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Class Tests Carbon Trading, With Troubling Results

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Class Tests Carbon Trading, With Troubling Results

Environment

Class Tests Carbon Trading, With Troubling Results

Class Tests Carbon Trading, With Troubling Results

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  • <iframe src="https://www.npr.org/player/embed/91625716/91625680" width="100%" height="290" frameborder="0" scrolling="no" title="NPR embedded audio player">
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Some members of Congress recently tried and failed to pass a bill tackling global warming. In California, a landmark climate change law is already on the books, but before the year is out, state regulators may approve a "cap-and-trade" system.

It's a popular strategy for reducing emissions but a bit tough to understand. Here's how it works: Regulators set mandatory limits on various kinds of industrial emissions. Firms that need to exceed their limits, or "caps," can buy permits from firms with allowances to spare. Hence the phrase "cap-and-trade."

The concept was put to the test at the Haas School of Business at the University of California, Berkeley. There, professors Severin Borenstein and Jim Bushnell teach a class called Energy and Environmental Markets, the crowning glory of which is a computer simulation of an electricity market.

Competing groups of classmates, each with different "portfolios" of power-generating plants, vie with each other to get the best price for their power during a three-week period.

Borenstein says the simulation was inspired by real-world events. A few years back, California deregulated its electricity market, and soon after, energy traders figured out how to game the market, nearly bankrupting the state's biggest utilities.

"We first introduced the electricity strategy game during the electricity crisis, so students would have a better understanding of what went wrong in the California electricity market by actually putting them in the position of firms deciding how much to produce and how much to charge," Borenstein says.

He and Bushnell predicted California's energy crisis. They were ignored at the time. But in the classroom, it becomes clear as students put in a position to manipulate the market do so all on their own.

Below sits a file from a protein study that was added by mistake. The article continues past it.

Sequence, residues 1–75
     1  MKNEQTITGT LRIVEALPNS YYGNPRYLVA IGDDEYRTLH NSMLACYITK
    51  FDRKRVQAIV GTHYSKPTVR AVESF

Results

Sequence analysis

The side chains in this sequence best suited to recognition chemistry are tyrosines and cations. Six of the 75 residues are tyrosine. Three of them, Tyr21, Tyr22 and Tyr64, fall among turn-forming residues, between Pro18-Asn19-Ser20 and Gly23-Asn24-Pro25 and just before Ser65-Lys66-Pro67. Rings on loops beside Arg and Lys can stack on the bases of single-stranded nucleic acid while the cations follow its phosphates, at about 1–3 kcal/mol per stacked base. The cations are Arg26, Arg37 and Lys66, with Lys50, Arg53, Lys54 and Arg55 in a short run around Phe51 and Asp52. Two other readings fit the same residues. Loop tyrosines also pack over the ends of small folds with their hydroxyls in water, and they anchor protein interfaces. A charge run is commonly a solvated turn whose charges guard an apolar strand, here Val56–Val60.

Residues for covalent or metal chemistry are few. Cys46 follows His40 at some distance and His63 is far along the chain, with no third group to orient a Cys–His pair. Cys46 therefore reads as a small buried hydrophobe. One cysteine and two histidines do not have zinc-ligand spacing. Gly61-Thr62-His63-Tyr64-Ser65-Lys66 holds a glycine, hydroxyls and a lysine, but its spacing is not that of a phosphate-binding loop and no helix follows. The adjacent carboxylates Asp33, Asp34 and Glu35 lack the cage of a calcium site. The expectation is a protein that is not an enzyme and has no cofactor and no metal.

The professors updated the simulation to account for carbon trading. So after a first round of straight-up power trading, the teams have to reduce their carbon output by 10 percent and trade permits.

"Now, in Game A, these guys bought up most of the credits, and they announced 'We're tearing up half the credits, and so you got to pay a high price if you want to get carbon credits from us.' Was anybody surprised by this? ... You guys were? Yeah, you guys were kind of upset, as I recall," Bushnell explains as students laugh.

The lesson? In any market, social concerns — even broader economic stability — take a back seat to making money as efficiently as possible.

Borenstein says it's critical to stress-test your market design before you ring the opening bell.

"What's going to happen in the real world when some people are out to make as much money as they can?" he asks.

He isn't just talking from the sheltered confines of the ivory tower. Borenstein and Bushnell have experience as electricity regulators in California. It's a fair bet that some of their students will go on to serve as carbon trading regulators.

After the class is over, Greg Croft says he also was taken aback, but not by his classmates gaming the market. His concern reflects the second big worry public policymakers have about carbon trading: "It hugely increased the electricity prices," he says. "I mean, this is the only example I've seen, [but] we had two different games in the class and it happened in both games."

Cap-and-trade is not the only strategy under serious consideration by economists, environmentalists and public policy wonks. Some of them would prefer to simply put taxes on emissions.

But taxes are widely considered a much harder sell politically. California regulators could decide to opt for cap-and-trade, as well as taxes. Whatever strategy they go for, the state should prove a handy test case — a simulation, even — for the rest of the nation.

Rachael Myrow reports from member station KQED.

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